Although there are tasks for deploying build artifacts in build pipelines, there is more support for releases in release pipelines including automatic rollbacks. When releasing to production environments release pipelines are recommended. You can include manual approvals and gates within a release pipeline to protect your release environments. You will define a release pipeline that will automatically trigger when a pull request is made to the master branch of your Azure Repo. The release pipeline with use the build artifact produced by the build pipeline as its input.

Instructions

1. Click Releases in the sidebar:

2. Click New Pipeline.

This will display a blade with a variety of templates to choose from:

Browse through the templates. You will create a simple release pipeline but know there are templates for a variety of deployments in Azure and externally such as to a Kubernetes cluster. It is also possible to save your own release pipelines as templates and import/export release pipelines in JSON format.

3. Click Empty job at the top of the blade to start with a pipeline without any steps defined.

Stage blade appears with the default name of Stage 1:

You will build out the pipeline by defining the artifacts that trigger the release and add tasks to the Stage 1 job that is currently empty.

4. Click + Add an artifact and click the drop-down to expand all the available artifact sources:

The Build option is appropriate in this case because you will release using the build artifact created by the build pipeline. However, you can trigger a deploy directly from Azure Repos. Several sources outside of Azure are also available allowing you to plug-in release pipelines with your preferred external systems.

5. With Build selected, set the following values (leaving the defaults for the rest) before clicking Add:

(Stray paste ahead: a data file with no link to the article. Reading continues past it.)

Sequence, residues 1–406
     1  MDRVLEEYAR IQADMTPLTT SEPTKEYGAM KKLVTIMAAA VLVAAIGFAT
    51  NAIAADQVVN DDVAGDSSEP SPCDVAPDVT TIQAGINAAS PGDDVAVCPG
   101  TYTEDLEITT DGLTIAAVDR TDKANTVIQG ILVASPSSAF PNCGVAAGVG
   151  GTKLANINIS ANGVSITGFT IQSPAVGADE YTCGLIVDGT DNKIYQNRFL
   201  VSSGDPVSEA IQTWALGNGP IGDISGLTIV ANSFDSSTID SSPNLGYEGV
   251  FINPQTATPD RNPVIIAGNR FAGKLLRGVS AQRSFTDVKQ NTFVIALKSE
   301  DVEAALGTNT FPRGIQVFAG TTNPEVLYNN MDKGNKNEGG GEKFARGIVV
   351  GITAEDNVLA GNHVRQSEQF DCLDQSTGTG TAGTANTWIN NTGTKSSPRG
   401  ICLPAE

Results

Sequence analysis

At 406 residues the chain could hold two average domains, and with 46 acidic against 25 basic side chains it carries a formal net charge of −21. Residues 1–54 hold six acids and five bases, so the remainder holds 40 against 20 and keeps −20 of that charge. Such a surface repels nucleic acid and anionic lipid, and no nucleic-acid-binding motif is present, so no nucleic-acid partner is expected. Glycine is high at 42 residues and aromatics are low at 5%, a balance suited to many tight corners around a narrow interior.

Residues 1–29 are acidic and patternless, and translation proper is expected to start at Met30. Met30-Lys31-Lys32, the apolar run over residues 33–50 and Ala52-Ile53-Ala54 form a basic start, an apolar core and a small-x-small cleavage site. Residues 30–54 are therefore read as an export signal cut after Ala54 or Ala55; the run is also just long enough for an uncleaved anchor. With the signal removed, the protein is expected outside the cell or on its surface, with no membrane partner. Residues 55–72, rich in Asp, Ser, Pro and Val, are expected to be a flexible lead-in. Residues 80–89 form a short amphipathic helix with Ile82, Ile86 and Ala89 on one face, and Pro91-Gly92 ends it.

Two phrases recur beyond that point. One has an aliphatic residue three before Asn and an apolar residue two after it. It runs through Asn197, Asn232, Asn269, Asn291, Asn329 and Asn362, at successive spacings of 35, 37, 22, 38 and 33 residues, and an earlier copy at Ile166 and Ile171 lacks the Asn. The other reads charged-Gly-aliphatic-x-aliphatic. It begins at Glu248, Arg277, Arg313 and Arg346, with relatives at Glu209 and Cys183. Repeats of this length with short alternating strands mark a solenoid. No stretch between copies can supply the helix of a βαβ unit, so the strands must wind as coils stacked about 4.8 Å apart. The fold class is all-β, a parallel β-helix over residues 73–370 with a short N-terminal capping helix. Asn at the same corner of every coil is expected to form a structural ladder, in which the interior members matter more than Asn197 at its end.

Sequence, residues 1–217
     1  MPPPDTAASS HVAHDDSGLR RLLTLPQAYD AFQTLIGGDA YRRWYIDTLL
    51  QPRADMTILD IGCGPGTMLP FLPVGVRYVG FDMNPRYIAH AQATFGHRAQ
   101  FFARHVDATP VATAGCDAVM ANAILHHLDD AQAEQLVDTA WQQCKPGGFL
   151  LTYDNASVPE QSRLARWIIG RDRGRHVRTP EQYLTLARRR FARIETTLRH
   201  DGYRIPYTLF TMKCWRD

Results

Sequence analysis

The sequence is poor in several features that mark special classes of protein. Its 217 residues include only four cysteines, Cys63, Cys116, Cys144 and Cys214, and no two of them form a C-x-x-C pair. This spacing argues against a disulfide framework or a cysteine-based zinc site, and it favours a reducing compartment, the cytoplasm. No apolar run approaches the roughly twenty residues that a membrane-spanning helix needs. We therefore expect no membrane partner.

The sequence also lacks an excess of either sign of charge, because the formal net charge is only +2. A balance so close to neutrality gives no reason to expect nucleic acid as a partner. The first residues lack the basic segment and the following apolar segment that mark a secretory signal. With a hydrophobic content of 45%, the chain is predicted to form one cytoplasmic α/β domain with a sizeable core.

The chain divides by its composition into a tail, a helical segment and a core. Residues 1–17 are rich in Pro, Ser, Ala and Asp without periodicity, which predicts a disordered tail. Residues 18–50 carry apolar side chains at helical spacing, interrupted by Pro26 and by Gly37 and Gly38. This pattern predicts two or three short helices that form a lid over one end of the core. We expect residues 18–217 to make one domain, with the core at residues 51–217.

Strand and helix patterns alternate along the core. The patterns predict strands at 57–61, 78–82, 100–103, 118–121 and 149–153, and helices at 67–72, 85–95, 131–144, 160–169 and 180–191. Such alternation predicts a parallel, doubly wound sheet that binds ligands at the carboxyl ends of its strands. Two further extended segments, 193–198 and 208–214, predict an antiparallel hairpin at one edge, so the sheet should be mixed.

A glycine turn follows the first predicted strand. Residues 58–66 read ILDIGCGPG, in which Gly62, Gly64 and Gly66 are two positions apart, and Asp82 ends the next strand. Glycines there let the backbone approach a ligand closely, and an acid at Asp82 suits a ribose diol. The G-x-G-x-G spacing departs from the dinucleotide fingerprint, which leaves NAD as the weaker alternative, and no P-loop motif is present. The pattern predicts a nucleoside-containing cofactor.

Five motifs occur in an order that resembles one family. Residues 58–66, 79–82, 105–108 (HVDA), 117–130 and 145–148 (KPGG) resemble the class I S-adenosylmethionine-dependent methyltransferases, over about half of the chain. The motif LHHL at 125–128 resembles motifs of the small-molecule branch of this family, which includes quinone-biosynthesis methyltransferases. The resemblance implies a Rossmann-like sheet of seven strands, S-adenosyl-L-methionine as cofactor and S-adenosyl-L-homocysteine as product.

• Project: Select your project from the drop-down menu
  • Source: Select your build pipeline from the drop-down menu

The information tip at the bottom tells you the drop artifact will be used for each successful build. By default, the build artifact is named drop.

6. Click the lightning bolt on the artifact to configure a continuous deployment trigger for the release:

As an example, you will configure a deployment every time a pull request created from a feature branch. This would allow you to view a deployment associated with a pull request to help with reviewing the code included in the pull request. You can also always manually deploy a release regardless of the continuous deployment configuration.

7. In the Continuous deployment trigger blade, click the Pull request trigger slider and set the following values:

  • Target branchmaster

You can also configure deployments whenever a build is available. The information tip at the bottom tells you which stages are configured to run with a pull-request trigger. This gives you the flexibility to choose which stages run for releases triggered by a pull request. You will configure the only stage currently available to run with the pull request trigger.